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Looking up in Palomas

Manufacturing work brings hope to Mexican town


It’s hard to believe such good news is coming out of Palomas after seven years of violence and unemployment.

The story is that hunger is being beaten back in dramatic ways. The causes are a couple of new govern-ment social programs introduced in the past year, an increase in scholarships, and – most important – a Taiwanese Foxconn maquiladora (manufacturing operation in a free trade zone) just south of Santa Teresa that’s been courting hundreds of workers from Palomas and the surrounding area. They’ve made hunger virtually a thing of the past. Las Palomas Mayor Talaco Sanchez said, in April, the Foxconn people “made an appointment with me to meet with them in Juarez. They asked me if I would like Palomas residents to work in their plant in San Jeronimo (Mexico). I said, ‘Of course.’”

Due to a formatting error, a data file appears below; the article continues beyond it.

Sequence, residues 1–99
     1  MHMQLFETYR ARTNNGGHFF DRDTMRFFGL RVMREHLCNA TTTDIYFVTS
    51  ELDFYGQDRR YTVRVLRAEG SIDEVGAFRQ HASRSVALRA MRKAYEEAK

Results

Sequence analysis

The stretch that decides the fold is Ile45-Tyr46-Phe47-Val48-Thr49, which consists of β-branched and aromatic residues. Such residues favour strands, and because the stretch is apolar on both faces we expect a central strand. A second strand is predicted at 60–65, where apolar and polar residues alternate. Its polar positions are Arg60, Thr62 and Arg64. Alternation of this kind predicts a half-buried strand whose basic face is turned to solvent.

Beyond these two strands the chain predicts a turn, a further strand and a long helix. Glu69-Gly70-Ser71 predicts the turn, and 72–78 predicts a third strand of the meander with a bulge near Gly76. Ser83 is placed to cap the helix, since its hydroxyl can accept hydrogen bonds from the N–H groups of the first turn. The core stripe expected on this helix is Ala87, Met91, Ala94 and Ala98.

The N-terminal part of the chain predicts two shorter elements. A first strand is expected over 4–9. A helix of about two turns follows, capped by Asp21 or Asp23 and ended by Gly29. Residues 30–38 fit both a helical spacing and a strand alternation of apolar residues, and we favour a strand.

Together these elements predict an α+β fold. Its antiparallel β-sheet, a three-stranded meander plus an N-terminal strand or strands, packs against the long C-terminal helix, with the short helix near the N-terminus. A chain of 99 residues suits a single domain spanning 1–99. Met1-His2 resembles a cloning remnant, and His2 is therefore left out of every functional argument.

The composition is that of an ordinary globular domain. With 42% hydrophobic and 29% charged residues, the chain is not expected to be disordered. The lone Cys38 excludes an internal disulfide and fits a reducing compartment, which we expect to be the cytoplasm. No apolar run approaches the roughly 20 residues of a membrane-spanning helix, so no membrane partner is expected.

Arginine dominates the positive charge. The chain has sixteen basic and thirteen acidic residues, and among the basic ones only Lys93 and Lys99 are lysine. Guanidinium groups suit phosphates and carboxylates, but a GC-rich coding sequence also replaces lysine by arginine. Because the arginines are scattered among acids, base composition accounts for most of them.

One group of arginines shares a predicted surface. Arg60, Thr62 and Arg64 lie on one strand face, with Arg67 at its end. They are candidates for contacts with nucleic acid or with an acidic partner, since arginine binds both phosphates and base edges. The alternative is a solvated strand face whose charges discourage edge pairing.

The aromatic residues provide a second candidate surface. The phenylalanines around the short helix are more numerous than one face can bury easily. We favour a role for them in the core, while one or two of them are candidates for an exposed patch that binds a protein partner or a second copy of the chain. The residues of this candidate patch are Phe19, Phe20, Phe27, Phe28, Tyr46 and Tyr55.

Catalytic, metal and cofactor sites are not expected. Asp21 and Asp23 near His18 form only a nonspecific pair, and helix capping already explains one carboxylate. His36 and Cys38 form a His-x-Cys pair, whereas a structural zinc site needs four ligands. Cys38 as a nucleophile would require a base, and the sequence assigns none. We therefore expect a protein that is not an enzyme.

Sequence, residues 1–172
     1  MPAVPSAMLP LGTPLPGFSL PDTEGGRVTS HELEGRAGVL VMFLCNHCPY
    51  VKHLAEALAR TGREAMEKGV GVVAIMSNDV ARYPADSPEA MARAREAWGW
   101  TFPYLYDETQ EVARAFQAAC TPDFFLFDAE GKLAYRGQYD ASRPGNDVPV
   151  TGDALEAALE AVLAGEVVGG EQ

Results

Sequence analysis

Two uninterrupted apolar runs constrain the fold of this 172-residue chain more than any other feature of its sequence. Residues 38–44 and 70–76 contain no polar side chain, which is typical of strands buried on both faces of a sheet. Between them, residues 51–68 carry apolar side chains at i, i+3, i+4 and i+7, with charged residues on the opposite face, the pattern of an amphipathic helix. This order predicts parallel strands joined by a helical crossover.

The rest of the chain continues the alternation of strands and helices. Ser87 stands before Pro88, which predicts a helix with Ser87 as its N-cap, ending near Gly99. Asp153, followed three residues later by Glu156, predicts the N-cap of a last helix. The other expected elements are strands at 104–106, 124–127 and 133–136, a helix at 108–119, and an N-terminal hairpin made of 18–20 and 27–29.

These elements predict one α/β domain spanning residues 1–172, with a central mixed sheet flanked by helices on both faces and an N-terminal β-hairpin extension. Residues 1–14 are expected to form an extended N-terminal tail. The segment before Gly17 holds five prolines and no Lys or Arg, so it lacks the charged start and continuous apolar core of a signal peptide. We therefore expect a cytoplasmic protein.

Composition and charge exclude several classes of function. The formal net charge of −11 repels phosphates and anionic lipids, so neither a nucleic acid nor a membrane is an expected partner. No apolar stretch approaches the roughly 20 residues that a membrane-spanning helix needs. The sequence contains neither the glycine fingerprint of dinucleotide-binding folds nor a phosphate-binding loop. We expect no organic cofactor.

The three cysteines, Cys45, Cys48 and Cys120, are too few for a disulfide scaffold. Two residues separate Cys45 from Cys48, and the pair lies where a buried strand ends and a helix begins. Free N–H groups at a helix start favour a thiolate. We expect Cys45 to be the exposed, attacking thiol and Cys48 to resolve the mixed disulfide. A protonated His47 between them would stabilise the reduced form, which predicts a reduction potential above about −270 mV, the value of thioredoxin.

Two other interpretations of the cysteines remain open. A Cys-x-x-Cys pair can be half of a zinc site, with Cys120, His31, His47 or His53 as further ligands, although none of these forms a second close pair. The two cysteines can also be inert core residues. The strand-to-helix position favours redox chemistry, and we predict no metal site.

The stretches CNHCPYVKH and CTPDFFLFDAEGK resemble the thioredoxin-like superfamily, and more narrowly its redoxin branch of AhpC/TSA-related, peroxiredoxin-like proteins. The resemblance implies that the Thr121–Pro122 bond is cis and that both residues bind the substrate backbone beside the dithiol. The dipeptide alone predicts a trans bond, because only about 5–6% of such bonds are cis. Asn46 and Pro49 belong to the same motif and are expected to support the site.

Work started in late May. A food-stamp program associated with President Enrique Peña Nieto called SinHambre (without hunger) has been in operation in Palomas since last June. Although, in United States terms very little money is distributed to each person, the program has cancelled hunger for most people in Palomas.

The number of clients at the SinHambre lunch kitchen has recently dropped from 120 to 50, according to manager Brenda Rodriguez, because there are so many people working in San Jeronimo. She worries it may close soon.

A young woman named Norma Casilla has been working for just a week at the Foxconn plant, west of Juarez, assembling computers. A bus picks her up at 4:30 in the dark morning hours to take her to work and brings her back at 6:30 p.m. It’s a two-hour ride each way.

She started getting the SinHambre food-stamps card almost a year ago, as a single mother of two. Before that, she had earned $20 to $30 a week by selling bread, burritos or sweets in the streets.

I told her I always hear Mexicans say, “Adults can bear hunger, but children can’t bear it.”

Norma leaned her head forward and said sometimes her children have cried all day from hunger. She seemed to be holding back tears. But now she’s getting $57 a week from work.